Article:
The Tenerife and Canary Islands website newsinthesun.com reported eyewitnesses as saying that a tearful Ms Mills-Westley feared she was being stalked.
It was claimed she entered an employment centre not far from the shopping centre and a security guard sent the man away.
Minutes later she was killed.

Ms Mills-Westley's family said they were devastated by the news of her death.
Her daughter Sarah said in a statement: "Mum retired a number of years ago and was fully enjoying her retirement travelling between Tenerife and France where she spent time visiting her daughter and grandchildren, and her other daughter in Norfolk.
"She was full of life, generous of heart, would do anything for anyone.
"We now have to find a way of living without her love and light and we would ask at this difficult time for some privacy as we try to come to terms with our loss."

Ms Mills-Westley, who was originally from Norwich, Norfolk, had two daughters and five grandchildren.
After retiring from her job as a road safety officer with Norfolk County Council, she left Britain.
Norfolk County Council issued a statement praising her warm character.
"Jenny was a popular and well respected member of staff, who during her time with Norfolk County Council worked as a road safety officer working with many schools and children to teach cycling safety training and make Norfolk's roads safer," it said.

Bulgarian national Deyan Valentinov D - with Spanish police only providing the first initial of his surname - has been detained on suspicion of killing Ms Mills-Westley.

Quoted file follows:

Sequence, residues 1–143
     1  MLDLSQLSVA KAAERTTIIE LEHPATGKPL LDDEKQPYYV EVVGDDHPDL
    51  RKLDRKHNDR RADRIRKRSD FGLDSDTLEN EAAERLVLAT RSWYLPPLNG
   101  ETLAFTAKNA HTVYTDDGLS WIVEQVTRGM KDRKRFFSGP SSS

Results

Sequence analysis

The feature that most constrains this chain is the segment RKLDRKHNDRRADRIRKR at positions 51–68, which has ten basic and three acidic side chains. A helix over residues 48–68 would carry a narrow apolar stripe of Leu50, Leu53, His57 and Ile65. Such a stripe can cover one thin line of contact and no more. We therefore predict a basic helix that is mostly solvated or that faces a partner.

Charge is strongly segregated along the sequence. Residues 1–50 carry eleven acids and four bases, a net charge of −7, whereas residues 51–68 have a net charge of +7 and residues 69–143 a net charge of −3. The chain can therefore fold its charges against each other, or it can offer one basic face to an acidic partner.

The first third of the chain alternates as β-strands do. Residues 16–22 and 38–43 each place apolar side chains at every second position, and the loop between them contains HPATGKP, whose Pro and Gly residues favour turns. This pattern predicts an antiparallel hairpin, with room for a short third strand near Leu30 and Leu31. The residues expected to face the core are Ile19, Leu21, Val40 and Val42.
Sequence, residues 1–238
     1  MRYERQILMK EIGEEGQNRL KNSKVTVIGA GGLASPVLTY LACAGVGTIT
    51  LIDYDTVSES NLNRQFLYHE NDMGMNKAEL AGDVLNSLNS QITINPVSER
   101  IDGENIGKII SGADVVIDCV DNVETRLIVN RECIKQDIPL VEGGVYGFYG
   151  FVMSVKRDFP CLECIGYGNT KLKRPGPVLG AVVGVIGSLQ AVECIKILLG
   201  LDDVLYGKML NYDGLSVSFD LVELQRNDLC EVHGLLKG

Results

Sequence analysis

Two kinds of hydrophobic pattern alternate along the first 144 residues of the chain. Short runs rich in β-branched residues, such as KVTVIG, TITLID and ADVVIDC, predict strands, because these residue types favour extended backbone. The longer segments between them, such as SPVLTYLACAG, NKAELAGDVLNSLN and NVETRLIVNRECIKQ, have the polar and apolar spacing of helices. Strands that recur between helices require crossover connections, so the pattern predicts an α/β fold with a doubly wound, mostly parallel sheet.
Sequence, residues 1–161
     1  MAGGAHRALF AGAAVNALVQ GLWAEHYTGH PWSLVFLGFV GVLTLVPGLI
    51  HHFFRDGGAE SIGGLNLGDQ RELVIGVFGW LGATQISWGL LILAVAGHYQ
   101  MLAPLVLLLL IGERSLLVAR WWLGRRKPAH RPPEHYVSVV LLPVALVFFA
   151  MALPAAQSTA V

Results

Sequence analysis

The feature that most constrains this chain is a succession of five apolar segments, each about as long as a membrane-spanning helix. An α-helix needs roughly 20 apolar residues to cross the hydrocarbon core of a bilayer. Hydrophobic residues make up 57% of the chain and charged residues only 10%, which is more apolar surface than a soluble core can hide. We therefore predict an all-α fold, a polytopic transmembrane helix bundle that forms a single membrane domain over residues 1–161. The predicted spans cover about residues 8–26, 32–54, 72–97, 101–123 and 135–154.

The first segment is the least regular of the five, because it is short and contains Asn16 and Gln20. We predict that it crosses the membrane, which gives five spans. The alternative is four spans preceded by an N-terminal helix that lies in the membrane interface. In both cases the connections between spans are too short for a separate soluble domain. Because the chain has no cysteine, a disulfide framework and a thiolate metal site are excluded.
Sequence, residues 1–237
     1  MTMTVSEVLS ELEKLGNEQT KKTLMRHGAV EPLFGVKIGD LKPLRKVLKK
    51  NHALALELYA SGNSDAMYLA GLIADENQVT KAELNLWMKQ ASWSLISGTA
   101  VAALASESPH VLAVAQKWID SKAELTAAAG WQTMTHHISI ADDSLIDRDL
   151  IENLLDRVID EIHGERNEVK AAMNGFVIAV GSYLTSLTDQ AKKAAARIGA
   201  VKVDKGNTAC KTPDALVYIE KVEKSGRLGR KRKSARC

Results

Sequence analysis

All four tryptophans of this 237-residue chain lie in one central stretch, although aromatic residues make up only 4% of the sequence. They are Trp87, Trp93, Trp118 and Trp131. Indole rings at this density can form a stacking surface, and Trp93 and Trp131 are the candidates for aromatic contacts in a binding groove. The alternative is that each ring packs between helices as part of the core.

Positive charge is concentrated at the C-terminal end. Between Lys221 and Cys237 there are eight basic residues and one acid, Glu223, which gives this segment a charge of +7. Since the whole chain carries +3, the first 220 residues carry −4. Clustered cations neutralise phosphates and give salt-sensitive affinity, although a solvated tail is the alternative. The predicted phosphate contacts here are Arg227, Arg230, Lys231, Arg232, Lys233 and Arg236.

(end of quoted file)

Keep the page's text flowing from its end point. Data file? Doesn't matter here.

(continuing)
The 28-year-old is reportedly homeless, has a history of mental health issues and a police record.
According to local newspaper La Opinion, the suspect had received treatment at the psychiatric unit of a local hospital in February after being involved in previous violent incidents.
Spanish media reported that witnesses saw a man enter a Chinese supermarket at the Valdes Shopping Centre and without saying a word, attacked Ms Mills-Westley with a knife and then cut off her head.
He was then said to have carried Ms Mills-Westley's head out of the shop, allegedly saying "God is on earth".
A regional government spokeswoman said the killer is understood to have obtained a knife from inside the store to launch his attack.

Colin Kirby, of tenerifemagazine.com, witnessed the event. He told Sky News: "It was all a bit surreal. I was heading past the commercial centre and saw a group of people by the entrance and a medical guy going in form the health centre.
"I assumed someone had fainted, walked on, and then I could hear screaming and shouting.
"I glanced behind me and a guy was ambling down the street holding what I assumed to be a joke head, by the hair."
Mr Kirby said security guards chased the man, eventually managing to bring him down and restrain him.
"The guy did not seem completely right to me - he was a bit dishevelled, not particularly smart and as he was walking with the head he was muttering. It was a bizarre scene."

Christina Perez, a legal representative at a nearby court, said a group of lawyers saw the man sprinting out of the store, carrying the head.
"They saw the man running out of the supermarket with the head in his hands," she said.
"A security man from the complex ran after him and jumped on to him so he fell, and then he threw the head on to the road."
Ms Perez, 38, said her shocked and frightened colleagues ran indoors for safety and locked themselves in.
A UK Foreign Office spokesman said Ms Mills-Westley's relatives were being helped by consular staff who were also liaising with the Tenerife authorities.
Police are investigating the man's movements leading up to the killing and studying CCTV and witness statements to establish what happened.
Los Cristianos is a bustling tourist town on the southern tip of the island and is home to many British ex-pats.
It mainly attracts older visitors with its artificial beaches and fishing harbour where pleasure cruises and diving excursions depart.DISCLAIMER Text may be subject to copyright.This blog does not claim copyright to any such text. Copyright remains with the original copyright holder

Friday, 13 May 2011